• Conduct a personal interview before hiring them. Be open about your requirements and ask them also to be open about their expectations and worries.
  • Plan their tasks (for us this was the job description we filed with Inspiring Interns), give them “real” work to do – not just invented tasks to make the day go by. Always set a deadline as well. This is a really key part. Everyone will have seen how companies where the intern becomes an annoyance and no-one has any work for them to do and they just get passed round the company.
  • Appoint a supervisor, to provide both supervision and support.
  • Plan the logistics, e.g., do you want the intern to be in your office or work remotely.
  • Regularly review the work done so far; an opportunity to hand out some well-deserved praise and to take corrective measures if necessary.
  • Regularly ask the intern if he/she has additional ideas for contributing to the company. Younger people often have very different insights, e.g., which latest web-tools to use, or what trends to latch on. Make use of having a different viewpoint available to you.
  • Make them a full part of the team, i.e., invite them to sit in on meetings and provide some of the training opportunities you would for permanent staff. E.g., we sent our intern to a Press Association social media course and the Direct Marketing Association’s GDPR training.

It’s not difficult. With a bit of common sense applied in managing the intern, everyone ends up happy. After the initial two months, our company agreed with our intern to hire her for another two months.

Here is what we got for our investment

Unless you are a start-up without revenue or a charity, it’s not that difficult to earn back the money you are paying an intern.

We decided to pay our intern £10.50 per hour, i.e., a nudge above the London living wage of £9.75 per hour. The agency required a one-off recruiting fee of 10% of the monthly salary, and a £550 per month fee for each month of the internship (which would have been £300 per month had we opted for a six-month internship).

All in all, our four-month internship cost our company about £9,500. Out of that, we generated over 1,000 potential new clients researched, qualified and uploaded with all relevant data about them added to our database to use in highly targeted marketing campaigns. Had we paid an external agency to do this work, we would have paid a multiple AND it would have never been done with the care and attention that someone under our supervision did it with. Along the way, we had her handle a variety of other tasks, ranging from designing a series of infographics designed to promote our event to business clients, to supporting the creation of content marketing blog articles.

For us, there was no question about whether or not to pay, and we achieved a good return on our investment.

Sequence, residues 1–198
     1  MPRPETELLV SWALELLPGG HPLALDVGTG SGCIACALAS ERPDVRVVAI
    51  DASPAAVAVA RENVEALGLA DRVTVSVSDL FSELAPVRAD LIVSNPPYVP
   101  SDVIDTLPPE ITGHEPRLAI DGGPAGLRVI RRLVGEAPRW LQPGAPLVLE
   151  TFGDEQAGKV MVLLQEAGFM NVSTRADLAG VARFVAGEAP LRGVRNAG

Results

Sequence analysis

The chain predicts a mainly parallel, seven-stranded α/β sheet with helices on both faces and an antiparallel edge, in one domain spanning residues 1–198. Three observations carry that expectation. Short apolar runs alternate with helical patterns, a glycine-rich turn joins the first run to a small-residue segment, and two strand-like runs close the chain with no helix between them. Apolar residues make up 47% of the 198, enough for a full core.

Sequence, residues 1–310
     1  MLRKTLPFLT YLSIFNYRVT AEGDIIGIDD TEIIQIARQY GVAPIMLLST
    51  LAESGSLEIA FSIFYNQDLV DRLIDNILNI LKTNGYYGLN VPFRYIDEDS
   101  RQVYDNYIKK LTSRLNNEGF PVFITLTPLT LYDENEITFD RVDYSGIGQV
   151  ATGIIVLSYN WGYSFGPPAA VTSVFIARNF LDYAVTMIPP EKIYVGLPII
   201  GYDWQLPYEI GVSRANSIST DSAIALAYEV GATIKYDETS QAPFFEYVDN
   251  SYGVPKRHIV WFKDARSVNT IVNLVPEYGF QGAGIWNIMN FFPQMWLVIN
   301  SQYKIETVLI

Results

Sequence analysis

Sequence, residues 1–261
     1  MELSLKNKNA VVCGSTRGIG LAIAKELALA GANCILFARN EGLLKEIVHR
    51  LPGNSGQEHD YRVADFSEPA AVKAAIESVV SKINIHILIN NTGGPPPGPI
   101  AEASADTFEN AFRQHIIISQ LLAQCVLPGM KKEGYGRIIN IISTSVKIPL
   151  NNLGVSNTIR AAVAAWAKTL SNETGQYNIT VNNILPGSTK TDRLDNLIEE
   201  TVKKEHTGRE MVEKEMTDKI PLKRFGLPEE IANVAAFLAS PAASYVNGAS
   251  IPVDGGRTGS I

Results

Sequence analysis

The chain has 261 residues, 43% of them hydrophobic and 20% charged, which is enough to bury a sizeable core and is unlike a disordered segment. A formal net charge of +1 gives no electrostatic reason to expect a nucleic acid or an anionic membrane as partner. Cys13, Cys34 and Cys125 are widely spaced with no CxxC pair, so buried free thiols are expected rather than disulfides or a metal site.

We also reaped the following (soft) benefits:

  • We didn’t end up falling into the trap of having higher-paid staff do this work. Often, you end up saving £1 by not hiring someone but instead spend £3 having someone else do the work. This may be an obvious error, but it can so easily get hidden in the P&L, which is why companies often do it. Don’t fall for false economy!
  • We gained time because the work got done sooner than if someone else of our team had attempted to squeeze it in. Time is also cash.
  • The entire team got to see that our company is looking for the right ways to get work done and grow the business, which adds to the cohesion of the team and staff loyalty.

Charities, start-ups and other organisations with special circumstances should be able to hire interns without paying them. For us, there was no question about whether or not to pay, and we achieved a good return on our investment.

I also loved writing a cheque to Inspiring Interns. They get a staggering 1,000 intern applications per day. Them sorting through all the less-desireable candidates and presenting my company with a short-list of suitable candidates was considerable value.

What else to consider

Here are some additional aspects you’ll want to keep on your radar if you intend to hire an intern:

  • Internship contracts are short and simple (at least in the UK). Whereas that will seem beautifully easy compared to employment contracts, don’t forget to make your intern sign a separate confidentiality agreement. In this day and age of social media, rating websites and online revenge, you’ll want to make sure you’ve got this risk covered.
  • Don’t expect it to be the same as hiring a staff member and expecting them to work on XYZ. You have to take the time to think of tasks that will give them new knowledge and experiences. It’s a two-way experience.
  • Keep in mind that interns also need to be judged on the basis of potential, not just on the basis of what they have achieved so far.
  • Be open and fair with your intern whether or not there is a prospect for the internship to turn into a permanent position. If there isn’t, then don’t promise it.
  • At the end of their internship, give them constructive feedback about areas where they have potential to improve. Ideally, give them some concrete ideas how they can achieve such an improvement. In our case, we gave our intern a few (disused) books about subjects we felt might be of interest and use to her, and we invested £200 into sending her along to a course that other staff members were attending.
  • Offer them references, and “push” them if necessary. I had our intern create a LinkedIn profile at the end of her stint, and two of our staff members provided references there. Young people might underestimate the value of that.

Inspiring Interns also publishes a blog, which you may find a useful resource. Or connect to Inspiring Interns co-founder, Benedict Hazan.

If you don’t happen to be UK-based, there are without doubt other agencies out there to hire interns in your geographical region.

Assuming you manage the process carefully, it’s a step I recommend. Not the least, as you also do your civic duty of helping the next generation into the saddle.

We all were young once and received a bit of help in creating our career, didn’t we?

Background information about this article: This website does not accept advertisements or remuneration for recommendations. The company on behalf of which I hired an intern paid the regular rates to Inspiring Interns. This article was written purely on the back of my positive experience.